Conservatives are outraged over this promo for MSNBC’s new show “Lean Forward”:
"We have never invested as much in public education as we should have because we've always had kind of a private notion of children. 'Your kid is yours and totally your responsibility.’ We haven't had a very collective notion of 'These are our children.'
"So part of it is we have to break through our kind of private idea that kids belong to their parents, or kids belong to their families and recognize that kids belong to whole communities."
Basically, the conservatives’ assertion is that this is proof liberals don’t want to take care of their own children. Wait, what?
Glenn Beck and Sarah Palin are outraged over the idea that we should all work together for the betterment of our children.
"I think that there's a good 20 to 30 percent of America, maybe even higher now, I'm not sure, [that] will gladly have the state take that over so they don't have to worry about it,” Beck said. “Yet another one of your responsibilities taken from you -- I'm sorry. Another one of your responsibilities that you will gladly hand over because you don't know what to do."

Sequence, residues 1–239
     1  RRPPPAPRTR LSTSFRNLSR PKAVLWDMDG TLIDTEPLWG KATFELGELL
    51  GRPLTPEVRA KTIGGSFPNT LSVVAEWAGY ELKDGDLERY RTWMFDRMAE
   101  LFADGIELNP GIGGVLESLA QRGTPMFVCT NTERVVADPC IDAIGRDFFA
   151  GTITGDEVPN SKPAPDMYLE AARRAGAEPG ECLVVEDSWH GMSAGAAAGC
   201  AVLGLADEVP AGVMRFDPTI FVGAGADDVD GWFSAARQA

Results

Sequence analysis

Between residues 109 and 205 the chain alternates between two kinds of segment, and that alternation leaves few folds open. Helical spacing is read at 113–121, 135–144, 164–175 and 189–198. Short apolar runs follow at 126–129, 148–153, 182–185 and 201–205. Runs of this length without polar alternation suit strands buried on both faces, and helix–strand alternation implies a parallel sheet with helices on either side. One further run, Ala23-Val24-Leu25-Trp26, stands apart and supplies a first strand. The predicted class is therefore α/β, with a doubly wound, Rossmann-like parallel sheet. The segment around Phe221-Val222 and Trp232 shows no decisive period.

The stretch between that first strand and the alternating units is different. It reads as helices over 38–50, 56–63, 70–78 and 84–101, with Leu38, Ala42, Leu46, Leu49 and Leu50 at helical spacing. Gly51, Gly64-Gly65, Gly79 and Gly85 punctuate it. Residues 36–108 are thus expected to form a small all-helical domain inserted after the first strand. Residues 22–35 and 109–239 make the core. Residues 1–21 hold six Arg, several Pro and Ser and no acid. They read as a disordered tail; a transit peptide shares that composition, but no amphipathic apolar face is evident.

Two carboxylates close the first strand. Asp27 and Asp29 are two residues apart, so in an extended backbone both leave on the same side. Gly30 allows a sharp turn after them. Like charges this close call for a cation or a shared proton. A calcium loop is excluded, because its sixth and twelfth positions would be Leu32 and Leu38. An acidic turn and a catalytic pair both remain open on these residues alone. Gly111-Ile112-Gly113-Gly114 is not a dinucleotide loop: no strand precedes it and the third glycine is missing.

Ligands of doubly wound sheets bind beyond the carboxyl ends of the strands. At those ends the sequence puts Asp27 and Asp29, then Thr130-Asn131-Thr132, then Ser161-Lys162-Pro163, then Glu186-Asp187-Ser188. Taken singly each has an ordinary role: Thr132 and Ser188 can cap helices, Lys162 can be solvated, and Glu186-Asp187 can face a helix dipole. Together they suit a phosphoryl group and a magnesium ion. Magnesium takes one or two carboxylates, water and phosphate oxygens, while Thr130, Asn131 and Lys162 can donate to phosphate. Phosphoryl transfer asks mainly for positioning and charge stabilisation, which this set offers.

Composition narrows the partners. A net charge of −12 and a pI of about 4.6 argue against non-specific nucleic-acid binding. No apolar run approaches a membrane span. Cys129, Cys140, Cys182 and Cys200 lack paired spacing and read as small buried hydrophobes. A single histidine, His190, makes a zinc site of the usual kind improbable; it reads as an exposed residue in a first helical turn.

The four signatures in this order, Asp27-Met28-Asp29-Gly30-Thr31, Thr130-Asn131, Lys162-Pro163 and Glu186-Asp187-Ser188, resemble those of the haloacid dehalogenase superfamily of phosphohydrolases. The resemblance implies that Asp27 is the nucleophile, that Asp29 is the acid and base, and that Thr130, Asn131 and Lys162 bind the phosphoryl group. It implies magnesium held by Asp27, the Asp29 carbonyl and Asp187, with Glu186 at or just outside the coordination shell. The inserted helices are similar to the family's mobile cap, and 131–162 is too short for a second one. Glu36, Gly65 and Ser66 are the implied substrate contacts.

I’m pretty sure that’s not at all what Lean Forward’s host Melissa Harris-Perry was getting at with this. In fact, quite the opposite. The shift of responsibility from individuals to community actually means you’re now responsible for your whole community instead of just yourself.
The mistake conservatives make is misconstruing the shifting of responsibilities from the individual to the community as a switching of roles from the individual to the government, which, in our current perception of how society works, would in fact be a shirking of responsibility, a handing off of problems to let others deal with them for you. We are all members of our community, however, so when the community at large accepts more obligations, each of its individual members accepts those obligations as well.
Education is a major benefit to the community, as well as the individual. It’s a civic act, the development of an awareness of your place in your community and society as a whole; it’s the learning of the skills necessary to use that awareness to benefit the community you inhabit. Even if you frame it in economic terms, business development is a moral imperative to help benefit society, in a “rising tide lifts all boats” kind of way.
None of these arguments are to be understood as liberals wanting to get away from their responsibility to their children, but as liberals wanting us to take responsibility for each other.
James DiGioia is the social media coordinator for the International Business Times, follow him on Twitter: @JamesDiGioia